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Everywhere Means Something to Someone: The People's Guide to Folkestone

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Genre: Travel / Publication Date: 2011 / Publisher: Strange Cargo

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      19.01.2012 16:09
      Very helpful



      A fascinating glimpse into the people and the past of Folkestone, Kent.

      Review of Everywhere Means Something to Someone: The People's Guide to Folkestone

      This review is a very personal one about a book that means a great deal to me and my family.

      **About The Book**

      The book is an A6 sized, chunky paperback of 556 pages . Published by Strange Cargo, 25 June 2011, cover price £5. ISBN 978-0956933607.

      The book was published as part of the Folkestone Triennial celebrations and can be purchased locally in various locations in Folkestone, or from www.amazon.co.uk.

      The book begins with a brief history of my home town, Folkestone. Following this introduction, each even numbered page tells a local person's story of a local landmark, building or street, with a photograph to illustrate the area discussed, on the corresponding odd numbered page.

      **Why This Book Is So Special To Me**

      As some readers are aware, life took a different path for me after my father died in 2006. My Dad was my Mother's soul mate, her carer and her rock. She never really accepted his death and although she struggled on for a year or two, her own health, already somewhat precarious, began to fail and she developed Senile Dementia. My partner and I became Mum's carers, moving back into the family home to look after her.

      Mum had always been a keen story teller and loved nothing better than to talk about the past, recalling friends and relatives, reliving events and experiences. Typically of dementia, her illness sometimes meant she got the stories wrong, or forgot the people involved and she would become annoyed with herself. I often said I wished she'd written her memories down and offered to ghost write some of the family tales she related. She wasn't keen, saying no one would be interested and if pushed, she became upset and flatly refused to let me do this.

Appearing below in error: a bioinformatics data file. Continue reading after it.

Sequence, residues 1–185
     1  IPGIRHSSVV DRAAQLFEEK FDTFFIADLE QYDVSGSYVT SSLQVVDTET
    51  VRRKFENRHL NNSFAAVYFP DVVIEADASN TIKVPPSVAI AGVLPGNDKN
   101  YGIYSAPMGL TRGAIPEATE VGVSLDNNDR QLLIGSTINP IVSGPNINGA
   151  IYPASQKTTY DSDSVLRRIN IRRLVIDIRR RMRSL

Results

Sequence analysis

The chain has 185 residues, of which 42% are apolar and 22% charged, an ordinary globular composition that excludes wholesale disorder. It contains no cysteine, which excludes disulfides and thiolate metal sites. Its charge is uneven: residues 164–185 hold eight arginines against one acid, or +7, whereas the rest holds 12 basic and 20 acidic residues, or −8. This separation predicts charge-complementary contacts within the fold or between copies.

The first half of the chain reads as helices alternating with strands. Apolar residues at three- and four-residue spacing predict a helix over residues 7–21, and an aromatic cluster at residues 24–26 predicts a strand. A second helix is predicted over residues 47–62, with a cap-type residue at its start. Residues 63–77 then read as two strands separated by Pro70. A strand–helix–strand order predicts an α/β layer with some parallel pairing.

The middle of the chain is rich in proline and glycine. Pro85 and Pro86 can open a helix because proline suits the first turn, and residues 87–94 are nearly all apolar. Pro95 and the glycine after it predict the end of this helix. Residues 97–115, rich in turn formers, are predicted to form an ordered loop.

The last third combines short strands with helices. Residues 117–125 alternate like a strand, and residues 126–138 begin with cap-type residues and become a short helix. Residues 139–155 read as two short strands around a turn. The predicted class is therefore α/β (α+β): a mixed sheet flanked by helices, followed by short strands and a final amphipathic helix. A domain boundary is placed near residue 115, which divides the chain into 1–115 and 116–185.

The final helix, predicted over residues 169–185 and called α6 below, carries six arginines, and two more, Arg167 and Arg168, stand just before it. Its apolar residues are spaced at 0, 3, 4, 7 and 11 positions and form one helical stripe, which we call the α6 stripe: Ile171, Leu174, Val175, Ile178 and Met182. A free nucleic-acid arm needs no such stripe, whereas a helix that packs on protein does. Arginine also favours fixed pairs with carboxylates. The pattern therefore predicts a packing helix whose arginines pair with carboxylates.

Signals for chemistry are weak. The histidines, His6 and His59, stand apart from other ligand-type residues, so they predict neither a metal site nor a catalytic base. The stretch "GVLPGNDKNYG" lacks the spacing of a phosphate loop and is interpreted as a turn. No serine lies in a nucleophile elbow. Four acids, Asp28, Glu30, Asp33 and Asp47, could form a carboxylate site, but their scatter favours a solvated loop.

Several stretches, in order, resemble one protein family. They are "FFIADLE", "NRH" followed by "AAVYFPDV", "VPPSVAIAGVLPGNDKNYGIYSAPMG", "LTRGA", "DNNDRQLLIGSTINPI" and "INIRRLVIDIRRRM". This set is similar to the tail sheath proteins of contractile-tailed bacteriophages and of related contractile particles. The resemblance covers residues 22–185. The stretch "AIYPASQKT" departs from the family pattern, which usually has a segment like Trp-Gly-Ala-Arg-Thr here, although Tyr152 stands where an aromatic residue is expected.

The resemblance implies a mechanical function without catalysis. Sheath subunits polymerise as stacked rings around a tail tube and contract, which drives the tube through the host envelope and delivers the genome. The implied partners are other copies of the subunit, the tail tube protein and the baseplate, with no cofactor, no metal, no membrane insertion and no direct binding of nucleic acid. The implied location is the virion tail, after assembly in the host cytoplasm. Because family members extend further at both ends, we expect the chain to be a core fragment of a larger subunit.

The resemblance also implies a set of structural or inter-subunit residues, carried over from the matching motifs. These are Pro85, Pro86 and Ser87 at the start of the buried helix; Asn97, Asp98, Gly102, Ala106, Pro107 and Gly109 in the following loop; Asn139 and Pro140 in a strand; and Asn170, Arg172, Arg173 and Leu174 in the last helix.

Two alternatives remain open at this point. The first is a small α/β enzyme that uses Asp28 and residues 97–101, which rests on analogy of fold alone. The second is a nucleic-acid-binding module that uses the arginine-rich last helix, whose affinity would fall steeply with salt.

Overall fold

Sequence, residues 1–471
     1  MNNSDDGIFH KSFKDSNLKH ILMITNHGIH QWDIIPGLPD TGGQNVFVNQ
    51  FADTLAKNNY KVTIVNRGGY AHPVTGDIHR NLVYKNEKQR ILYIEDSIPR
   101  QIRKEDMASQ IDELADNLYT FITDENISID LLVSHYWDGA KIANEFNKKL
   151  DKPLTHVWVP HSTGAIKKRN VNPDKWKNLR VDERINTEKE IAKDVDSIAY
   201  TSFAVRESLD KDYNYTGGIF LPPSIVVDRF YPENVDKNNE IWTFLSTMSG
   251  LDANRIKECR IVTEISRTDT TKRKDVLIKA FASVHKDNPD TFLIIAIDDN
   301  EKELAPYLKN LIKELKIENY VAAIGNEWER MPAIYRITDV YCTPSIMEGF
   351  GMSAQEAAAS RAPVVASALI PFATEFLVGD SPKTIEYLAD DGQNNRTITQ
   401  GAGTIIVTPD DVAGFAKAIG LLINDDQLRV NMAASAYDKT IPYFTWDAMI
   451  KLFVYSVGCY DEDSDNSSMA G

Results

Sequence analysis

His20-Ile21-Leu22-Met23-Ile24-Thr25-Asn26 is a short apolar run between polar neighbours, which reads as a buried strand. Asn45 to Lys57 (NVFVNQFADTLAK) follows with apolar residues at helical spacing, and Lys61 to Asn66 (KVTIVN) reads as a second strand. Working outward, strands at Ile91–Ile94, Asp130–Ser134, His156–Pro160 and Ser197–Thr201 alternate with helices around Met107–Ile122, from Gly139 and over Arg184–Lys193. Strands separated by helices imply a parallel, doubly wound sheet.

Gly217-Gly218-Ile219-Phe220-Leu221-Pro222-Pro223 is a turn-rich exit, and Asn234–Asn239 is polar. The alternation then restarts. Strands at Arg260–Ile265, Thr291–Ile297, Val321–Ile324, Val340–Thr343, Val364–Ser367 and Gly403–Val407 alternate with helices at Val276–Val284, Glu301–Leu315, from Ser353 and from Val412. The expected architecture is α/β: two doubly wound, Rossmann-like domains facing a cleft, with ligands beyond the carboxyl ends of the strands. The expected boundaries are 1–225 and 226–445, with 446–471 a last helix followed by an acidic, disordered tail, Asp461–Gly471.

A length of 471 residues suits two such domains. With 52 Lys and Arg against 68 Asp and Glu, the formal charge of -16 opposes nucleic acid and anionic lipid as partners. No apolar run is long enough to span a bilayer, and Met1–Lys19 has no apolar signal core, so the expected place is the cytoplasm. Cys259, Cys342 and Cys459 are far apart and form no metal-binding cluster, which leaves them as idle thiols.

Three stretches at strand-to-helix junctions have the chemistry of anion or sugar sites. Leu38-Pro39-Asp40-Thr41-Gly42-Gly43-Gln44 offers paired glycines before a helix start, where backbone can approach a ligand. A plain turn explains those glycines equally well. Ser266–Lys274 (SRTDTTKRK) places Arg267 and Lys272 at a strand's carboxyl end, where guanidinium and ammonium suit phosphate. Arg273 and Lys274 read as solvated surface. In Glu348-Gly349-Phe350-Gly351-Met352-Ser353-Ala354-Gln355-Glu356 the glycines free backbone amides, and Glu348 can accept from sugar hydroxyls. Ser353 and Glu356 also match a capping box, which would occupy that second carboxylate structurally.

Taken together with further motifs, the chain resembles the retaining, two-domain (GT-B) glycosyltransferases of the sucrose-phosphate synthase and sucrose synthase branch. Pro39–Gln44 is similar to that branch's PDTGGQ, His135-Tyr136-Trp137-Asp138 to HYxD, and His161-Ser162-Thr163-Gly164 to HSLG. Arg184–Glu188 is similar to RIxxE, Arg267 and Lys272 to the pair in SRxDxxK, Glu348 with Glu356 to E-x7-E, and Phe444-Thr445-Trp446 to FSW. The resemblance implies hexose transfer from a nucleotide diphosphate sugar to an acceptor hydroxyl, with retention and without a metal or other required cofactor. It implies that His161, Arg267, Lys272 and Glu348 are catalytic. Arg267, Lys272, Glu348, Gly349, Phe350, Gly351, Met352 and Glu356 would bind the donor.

In late 2010, an article from the 'Strange Cargo' organisation appeared in our local paper. They asked for residents to share their stories of local places in Folkestone, the idea being that a collection of local people's stories would be made into a book for the forthcoming Triennial. I pointed it out to my mother and suggested she contribute. After some nagging by me, Mum agreed and we sat down one afternoon but she said she couldn't think of anything to say. I suggested one or two of her stories and after a little while, she started talking while I wrote. Eventually we had a few tales on paper and I submitted Mum's stories to Strange Cargo, a public art company in Folkestone.

      We thought no more about it and got on with life.

      Sadly my Mother died in May 2011 and whilst her death was not exactly unexpected, it was still a shock.
      A month or so after Mum passed away, my aunt arrived at my house one day in a state of great excitement. She handed me a copy of 'Everywhere Means Something to Someone' and told me to check out pages 66 and 86. There I found two of my Mum's tales, one about a convent (now a block of luxury flats) and the other about St Peter's church and school, where not only my grandparents and my Mum, but more recently my daughter and grand-daughters have been pupils.

      My Mum was the only person to have two stories accepted for publication and her name appears in the list of thanks in the foreword.
      An honour for someone who thought that no one would be interested in her stories! I wish she had lived to see it, she would have been so proud.

      **My Thoughts and Conclusion**

      Of course, I appreciate that this little book probably means much more to me than it would most people, however it is a fascinating glimpse into the people and past of Folkestone. The photography is beautiful, there are some truly wonderful and unusual shots of places I have known all my life, yet taken for granted. I have learned a great deal from this book, facts and information that would have been forgotten had it not been for local people taking the time and trouble to contribute. One example that springs to mind is a photograph of two odd pieces of metal that jut out of the wall behind the beach promenade. They have always been there, but I did not know that they are the only remains of Folkestone's pier, a structure that had gone long before my birth.

      There are several references to places that are long gone and it has been very interesting to dip in and out of this book, a discovery trail of my home town. Naturally, the book would probably hold the most interest for people who know the area, but it would make an amusing reference source for those wishing to visit the town.

      I hope my review has been of interest and my apologies if it has been a bit too personal.

      Thank you for reading

      ©brittle1906 January 2012

      N.B. My reviews may appear on other sites under the same user name.


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